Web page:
Ormsby History, Family Crest & Coats of Arms
When the ancestors of the Ormsby family emigrated to England following the Norman Conquest in 1066 they brought their family name with them. They lived in Lincolnshire. The name, however, is a reference to Orme, Normandy. The family anciently claim decent from "the house of De Bayeux of Normandy. Roger de Bayhus, or Bayeux de Ormsby made grants at Ormsby to Osney Abbey, Oxford, as did Reginadl Bayhus." 
Early Origins of the Ormsby family
The surname Ormsby was first found in Lincolnshire at North Ormsby where the first record of the family was found. " A monastery for nuns and brethren of the Sempringham order, was founded here in the time of Stephen (reign 1092-1154), by William, Earl of Albemarle, and Gilbert, son of Robert de Ormesby." 
Early History of the Ormsby family
This web page shows only a small excerpt of our Ormsby research. Another 53 words (4 lines of text) are included under the topic Early Ormsby History in all our PDF Extended History products and printed products wherever possible.
Ormsby Spelling Variations
The English language only became standardized in the last few centuries. For that reason, spelling variations are common among many Anglo-Norman names. The shape of the English language was frequently changed with the introduction of elements of Norman French, Latin, and other European languages; even the spelling of literate people's names were subsequently modified. Ormsby has been recorded under many different variations, including Ormsby, Ormesby and others.
Early Notables of the Ormsby family (pre 1700)
More information is included under the topic Early Ormsby Notables in all our PDF Extended History products and printed products wherever possible.
Migration of the Ormsby family to Ireland
Some of the Ormsby family moved to Ireland, but this topic is not covered in this excerpt.
Another 48 words (3 lines of text) about their life in Ireland is included in all our PDF Extended History products and printed products wherever possible.
Ormsby migration to the United States +
To escape the uncertainty of the political and religious uncertainty found in England, many English families boarded ships at great expense to sail for the colonies held by Britain. The passages were expensive, though, and the boats were unsafe, overcrowded, and ridden with disease. Those who were hardy and lucky enough to make the passage intact were rewarded with land, opportunity, and social environment less prone to religious and political persecution. Many of these families went on to be important contributors to the young nations of Canada and the United States where they settled. Ormsbys were some of the first of the immigrants to arrive in North America:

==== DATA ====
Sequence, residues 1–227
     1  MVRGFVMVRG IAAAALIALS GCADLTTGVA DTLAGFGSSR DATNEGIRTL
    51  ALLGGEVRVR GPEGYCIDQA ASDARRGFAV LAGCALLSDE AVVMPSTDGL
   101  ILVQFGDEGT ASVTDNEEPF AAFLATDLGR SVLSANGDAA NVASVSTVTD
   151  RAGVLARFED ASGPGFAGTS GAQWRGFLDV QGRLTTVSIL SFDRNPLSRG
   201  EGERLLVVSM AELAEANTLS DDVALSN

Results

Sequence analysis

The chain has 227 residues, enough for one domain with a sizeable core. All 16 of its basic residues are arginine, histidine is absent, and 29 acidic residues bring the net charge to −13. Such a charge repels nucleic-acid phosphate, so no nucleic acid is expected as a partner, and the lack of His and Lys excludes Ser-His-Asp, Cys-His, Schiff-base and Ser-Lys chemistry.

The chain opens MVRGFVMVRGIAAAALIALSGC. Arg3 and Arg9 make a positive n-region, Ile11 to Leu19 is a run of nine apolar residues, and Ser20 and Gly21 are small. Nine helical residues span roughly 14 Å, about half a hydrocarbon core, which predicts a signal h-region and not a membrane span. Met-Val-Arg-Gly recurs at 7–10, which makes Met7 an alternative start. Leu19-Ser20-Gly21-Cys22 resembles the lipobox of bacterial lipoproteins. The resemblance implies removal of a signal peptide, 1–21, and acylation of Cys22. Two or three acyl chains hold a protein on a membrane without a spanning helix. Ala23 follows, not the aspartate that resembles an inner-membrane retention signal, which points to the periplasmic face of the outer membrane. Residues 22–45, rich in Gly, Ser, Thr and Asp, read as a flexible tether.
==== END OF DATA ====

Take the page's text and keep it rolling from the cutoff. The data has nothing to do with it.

Ormsby Settlers in United States in the 17th Century
- John Ormsby, who landed in Maryland in 1641 
- Jacob Ormsby, who arrived in New England in 1677 
Ormsby Settlers in United States in the 18th Century
- Clevell Ormsby, who arrived in Philadelphia, Pennsylvania in 1746 
- Lawrence Ormsby, who arrived in Philadelphia, Pennsylvania in 1746 
Ormsby Settlers in United States in the 19th Century
- Robert Ormsby, who arrived in New York, NY in 1803 
- Henry Ormsby, who landed in Mississippi in 1850 
- P S Ormsby, who landed in San Francisco, California in 1851 
- Francis Ormsby, who landed in Savanna(h), Georgia in 1859 
- George, Catherine, James, John, Joseph, Robert, and William Ormsby, who all, who arrived in Philadelphia between 1840 and 1860
Ormsby migration to Australia +
Emigration to Australia
followed the First Fleets
of convicts, tradespeople and early settlers. Early immigrants include:
Ormsby Settlers in Australia in the 19th Century
- George Owen Ormsby a surveyor, who arrived in Kangaroo Island aboard the ship "Buffalo" in 1836 
- John Ormsby, who arrived in Adelaide, Australia aboard the ship "Condor" in 1851 
Contemporary Notables of the name Ormsby (post 1700) +
- Eric Linn Ormsby (b. 1941), American poet, scholar, and man of letters
- Stephen Ormsby (1759-1844), American (Irish born) politician, who was a U.S. Representative from Kentucky
- John William Ormsby (1881-1952), English soldier, recipient of the Victoria Cross for deeds during WWI
- John Ormsby (1829-1895), British nineteenth-century translator
- Frank Ormsby (b. 1947), Irish poet
- Sir Lambert Hepenstal Ormsby (b. 1903), President of Royal College of Surgeons
Related Stories +
The Ormsby Motto +
The motto was originally a war cry or slogan. Mottoes first began to be shown with arms in the 14th and 15th centuries, but were not in general use until the 17th century. Thus the oldest coats of arms generally do not include a motto. Mottoes seldom form part of the grant of arms: Under most heraldic authorities, a motto is an optional component of the coat of arms, and can be added to or changed at will; many families have chosen not to display a motto.
Motto: Fortis qui prudens
Motto Translation: He is brave who is prudent.
- ^ The Norman People and Their Existing Descendants in the British Dominions and the United States Of America. Baltimore: Genealogical Publishing, 1975. Print. (ISBN 0-8063-0636-X)
- ^ Lewis, Samuel, A Topographical Dictionary of England. Institute of Historical Research, 1848, Print.
- ^ Filby, P. William, Meyer, Mary K., Passenger and immigration lists index : a guide to published arrival records of about 500,000 passengers who came to the United States and Canada in the seventeenth, eighteenth, and nineteenth centuries. 1982-1985 Cumulated Supplements in Four Volumes Detroit, Mich. : Gale Research Co., 1985, Print (ISBN 0-8103-1795-8)
- ^ State Records of South Australia. (Retrieved 2010, November 5) HMS BUFFALO 1836. Retrieved from http://www.slsa.sa.gov.au/BSA/1836Buffalo.htm
- ^ State Records of South Australia. (Retrieved 2010, November 5) CONDOR 1851. Retrieved http://www.slsa.sa.gov.au/BSA/1851Condor.htm